Last week, our Kindergartener came home with 7 pages of 'homework'. And after a long day at school, church activities, time memorizing scripture for our Awana program…it took him over an hour to do his 'homework'. We were all worn out.
A couple of weeks ago I noticed our high schoolers already complaining about how busy things were for them, and I was lamenting to some parents, "Maybe I just slacked off in high school, but I don't remember having this much homework so close to the beginning of school…"
It was only 2 weeks into the new school year and our students were already groaning about how they couldn't come to small groups, or band practice, or …whatever….because they were swamped with homework. (And, granted, I did slack in high school. But that's a story for another time.)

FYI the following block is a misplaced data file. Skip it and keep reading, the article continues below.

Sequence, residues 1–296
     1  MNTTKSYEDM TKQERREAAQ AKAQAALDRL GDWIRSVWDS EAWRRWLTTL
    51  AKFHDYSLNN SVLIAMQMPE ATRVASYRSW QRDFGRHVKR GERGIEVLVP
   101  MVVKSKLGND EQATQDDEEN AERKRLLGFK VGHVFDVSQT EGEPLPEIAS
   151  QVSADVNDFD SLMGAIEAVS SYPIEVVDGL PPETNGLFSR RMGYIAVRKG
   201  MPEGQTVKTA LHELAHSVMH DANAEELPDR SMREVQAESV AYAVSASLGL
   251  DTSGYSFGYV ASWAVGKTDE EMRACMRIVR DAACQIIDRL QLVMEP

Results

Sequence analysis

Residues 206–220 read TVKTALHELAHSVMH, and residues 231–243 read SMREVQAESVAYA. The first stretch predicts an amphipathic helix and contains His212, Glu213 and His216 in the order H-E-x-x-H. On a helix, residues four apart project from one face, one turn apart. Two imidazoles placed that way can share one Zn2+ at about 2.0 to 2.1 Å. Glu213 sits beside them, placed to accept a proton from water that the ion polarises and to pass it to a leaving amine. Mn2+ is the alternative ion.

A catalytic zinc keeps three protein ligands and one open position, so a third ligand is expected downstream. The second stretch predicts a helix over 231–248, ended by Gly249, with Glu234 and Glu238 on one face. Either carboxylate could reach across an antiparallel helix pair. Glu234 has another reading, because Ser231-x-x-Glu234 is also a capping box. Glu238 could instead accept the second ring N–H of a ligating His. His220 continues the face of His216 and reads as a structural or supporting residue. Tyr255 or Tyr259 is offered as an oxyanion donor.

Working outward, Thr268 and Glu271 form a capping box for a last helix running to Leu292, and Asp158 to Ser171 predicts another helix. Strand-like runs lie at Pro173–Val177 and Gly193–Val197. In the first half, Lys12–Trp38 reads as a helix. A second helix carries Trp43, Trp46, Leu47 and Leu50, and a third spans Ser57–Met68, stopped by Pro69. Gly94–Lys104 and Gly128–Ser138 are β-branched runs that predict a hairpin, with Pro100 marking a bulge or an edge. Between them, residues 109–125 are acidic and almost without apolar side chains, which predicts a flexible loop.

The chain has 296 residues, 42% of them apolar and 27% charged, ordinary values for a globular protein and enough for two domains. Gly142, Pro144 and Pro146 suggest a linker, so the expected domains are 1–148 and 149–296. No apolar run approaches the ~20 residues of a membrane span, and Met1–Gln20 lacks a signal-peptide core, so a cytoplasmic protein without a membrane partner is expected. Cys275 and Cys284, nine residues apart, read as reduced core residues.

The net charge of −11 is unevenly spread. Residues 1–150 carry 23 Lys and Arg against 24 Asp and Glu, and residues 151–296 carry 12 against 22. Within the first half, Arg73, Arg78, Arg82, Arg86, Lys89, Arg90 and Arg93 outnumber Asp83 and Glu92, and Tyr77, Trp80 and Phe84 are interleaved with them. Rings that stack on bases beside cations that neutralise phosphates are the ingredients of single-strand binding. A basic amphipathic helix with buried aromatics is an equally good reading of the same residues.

But it's not just my perception. According to a 2004 national survey of 2,900 American children conducted by the University of Michigan, the amount of time spent on homework is up 51% since 1981.
51%. Are you kidding me?
And that's not even the worse part. It goes down hill from there. Most of that increase reflects bigger loads for little kids. An academic study found that whereas students ages 6 to 8 did an average of 52 min. of homework a week in 1981, they were toiling 128 min. weekly by 1997. And that's before No Child Left Behind kicked in. An admittedly less scientific poll of parents conducted this year for AOL and the Associated Press found that elementary school students were averaging 78 min. a night.
Geez. Ready for more bad news?
Too much homework brings diminishing returns. Cooper's analysis of dozens of studies found that kids who do some homework in middle and high school score somewhat better on standardized tests, but doing more than 60 to 90 min. a night in middle school and more than 2 hr. in high school is associated with, gulp, lower scores.
Where's Ferris when you need him?